Orthodox Christianity led a great schism before Reformation: Largest Orthodox church outside Europe now in Africa

(© Peter Kenny / Ecumenical News)Worshippers at the Eritrean Orthodox Tewahedo Church's St. Mary's Cathedral in Asmara in late September 2017.

Five hundred years ago the Reformation ripped a major part of Christianity apart when Martin Luther led protests practices by the Church that reverberated for centuries.

But 500 years before that the Great Schism of 1054, when the Greek Orthodox Church officially split with the Catholic Church had also split Christianity.

Today Orthodox Christians are concentrated in Europe, where they have declined as a percentage of the global population, but its Ethiopian community is highly observant and growing.

The largest Orthodox Christian population outside of Eastern Europe is today in Ethiopia.

The centuries-old Ethiopian Orthodox Tewahedo Church has an estimated 36 million adherents, nearly 14 percent of the world's total Orthodox population. This East African outpost of Orthodoxy reflects two broad trends.

First, its Orthodox Christian population has grown much faster than Europe's over the past 100 years. And, second, Orthodox Christians in Ethiopia are more religiously observant, by several common measures, than Orthodox Christians in Europe.

This is in line with a broader pattern in which Europeans are, on average, less religiously committed than people in Latin America and sub-Saharan Africa, a new Pew Research Center surveys show.

Pew notes that this is true not just of Christianin Europe but also of Europe's Muslims, who are less religiously observant, as a whole, thab Muslims elsewhere in the world.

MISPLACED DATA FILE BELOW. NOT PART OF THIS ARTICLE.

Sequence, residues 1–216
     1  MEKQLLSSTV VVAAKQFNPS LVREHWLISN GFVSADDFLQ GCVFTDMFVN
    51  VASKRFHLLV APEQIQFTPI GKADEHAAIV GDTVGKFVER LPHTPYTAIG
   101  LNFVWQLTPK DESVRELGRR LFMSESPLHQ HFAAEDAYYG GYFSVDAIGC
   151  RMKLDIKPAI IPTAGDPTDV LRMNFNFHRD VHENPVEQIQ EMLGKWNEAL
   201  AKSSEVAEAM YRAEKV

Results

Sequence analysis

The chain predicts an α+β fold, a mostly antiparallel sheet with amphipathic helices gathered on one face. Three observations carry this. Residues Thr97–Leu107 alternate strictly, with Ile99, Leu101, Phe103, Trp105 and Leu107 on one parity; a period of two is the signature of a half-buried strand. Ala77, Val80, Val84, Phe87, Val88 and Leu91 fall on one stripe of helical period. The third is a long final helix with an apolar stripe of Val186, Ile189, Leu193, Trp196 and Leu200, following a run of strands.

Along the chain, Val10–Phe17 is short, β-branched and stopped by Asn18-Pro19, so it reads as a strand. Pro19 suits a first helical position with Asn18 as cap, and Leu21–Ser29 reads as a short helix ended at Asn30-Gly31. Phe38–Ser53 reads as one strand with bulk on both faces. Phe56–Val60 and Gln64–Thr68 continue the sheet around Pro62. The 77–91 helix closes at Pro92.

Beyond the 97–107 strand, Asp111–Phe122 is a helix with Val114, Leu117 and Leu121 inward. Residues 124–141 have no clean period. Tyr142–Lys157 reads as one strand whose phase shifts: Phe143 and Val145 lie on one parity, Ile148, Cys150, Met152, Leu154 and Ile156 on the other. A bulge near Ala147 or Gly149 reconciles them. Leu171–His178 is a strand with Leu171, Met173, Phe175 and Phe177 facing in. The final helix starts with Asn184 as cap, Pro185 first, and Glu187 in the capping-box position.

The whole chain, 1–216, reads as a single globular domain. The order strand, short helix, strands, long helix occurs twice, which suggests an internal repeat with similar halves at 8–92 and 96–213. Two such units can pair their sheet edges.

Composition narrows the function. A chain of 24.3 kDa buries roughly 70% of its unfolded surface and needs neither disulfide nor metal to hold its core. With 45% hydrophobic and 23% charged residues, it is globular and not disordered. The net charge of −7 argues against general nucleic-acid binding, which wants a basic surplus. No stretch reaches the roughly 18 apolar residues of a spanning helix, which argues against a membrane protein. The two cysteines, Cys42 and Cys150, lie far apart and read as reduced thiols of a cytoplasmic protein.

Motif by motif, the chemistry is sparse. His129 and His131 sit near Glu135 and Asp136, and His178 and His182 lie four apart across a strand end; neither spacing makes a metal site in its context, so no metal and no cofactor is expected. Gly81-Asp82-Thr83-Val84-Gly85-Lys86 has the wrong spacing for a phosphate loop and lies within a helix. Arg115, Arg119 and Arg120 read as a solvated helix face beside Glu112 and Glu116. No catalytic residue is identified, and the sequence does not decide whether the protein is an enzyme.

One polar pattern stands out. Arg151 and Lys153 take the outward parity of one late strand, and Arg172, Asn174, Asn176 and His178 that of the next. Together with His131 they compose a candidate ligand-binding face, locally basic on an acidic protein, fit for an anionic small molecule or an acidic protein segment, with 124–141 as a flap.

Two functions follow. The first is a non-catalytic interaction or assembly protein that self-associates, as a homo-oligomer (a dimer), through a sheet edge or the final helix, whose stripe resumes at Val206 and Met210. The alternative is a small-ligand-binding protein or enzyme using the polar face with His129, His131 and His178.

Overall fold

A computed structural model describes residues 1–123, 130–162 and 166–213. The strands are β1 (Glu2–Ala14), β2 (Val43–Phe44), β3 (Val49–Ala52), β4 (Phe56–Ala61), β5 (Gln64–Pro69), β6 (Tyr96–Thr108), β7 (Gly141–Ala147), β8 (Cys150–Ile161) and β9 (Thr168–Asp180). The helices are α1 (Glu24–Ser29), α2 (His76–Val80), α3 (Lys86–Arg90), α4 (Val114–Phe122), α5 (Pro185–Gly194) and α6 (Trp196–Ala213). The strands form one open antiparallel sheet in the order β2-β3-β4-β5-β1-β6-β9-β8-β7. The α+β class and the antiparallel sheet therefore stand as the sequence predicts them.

Over the last century, the Orthodox Christian population around the world has more than doubled and now stands at nearly 260 million, a Pew Research Center survey on Orthodox Christianity in the 21st century shows.


Orthodoxy is the third-largest branch of Christianity, after Catholicism and Protestantism.

Orthodoxy, or Eastern Christianity, formally split from Roman Catholicism (known then as Western Christianity) in 1054 over a host of theological issues, high among them disputes over papal authority.

Today in Russia alone, it has surpassed 100 million, a sharp resurgence after the fall of the Soviet Union when Christianity was suppressed.

Yet despite these increases in absolute numbers, Orthodox Christians have been declining as a share of the overall Christian population – and the global population – due to far faster growth among Protestants, Catholics and non-Christians.

Today, just 12 percent of Christians around the world are Orthodox, compared with an estimated 20 percent a century ago. And 4 percent of the total global population is Orthodox, compared with an estimated 7 percent in 1910.   

And a century ago, all three major branches of Christianity were concentrated in Europe. That is still the case for Orthodox Christians, but not Protestants and Catholics.

The Pew survey shows that the geographic distribution of Orthodoxy also differs from the other major Christian traditions in the 21st century. 

(© Peter Kenny / Ecumenical News)Young worshippers at the Eritrean Orthodox Tewahedo Church's St. Mary's Cathedral in Asmara in late September 2017.

In 1910 – shortly before World War I, the Bolshevik revolution in Russia and the breakup of several European empires – all three major branches of Christianity (Orthodoxy, Catholicism and Protestantism) were predominantly concentrated in Europe.

Since then, Catholics and Protestants have expanded enormously outside the continent, while Orthodoxy remains largely centered in Europe.

Today, nearly four-in-five Orthodox Christians (77 percent) live in Europe, a relatively modest change from a century ago (91 percent).

By contrast, only about one-quarter of Catholics (24 percent) and one-in-eight Protestants (12 percent) now live in Europe, down from an estimated 65 percent, and 52 percent, respectively, in 1910.

The survey connects Orthodoxy's falling share of the global Christian population to demographic trends in Europe, which has lower overall fertility rates and an older population than developing regions of the world, such as sub-Saharan Africa, Latin America and South Asia.

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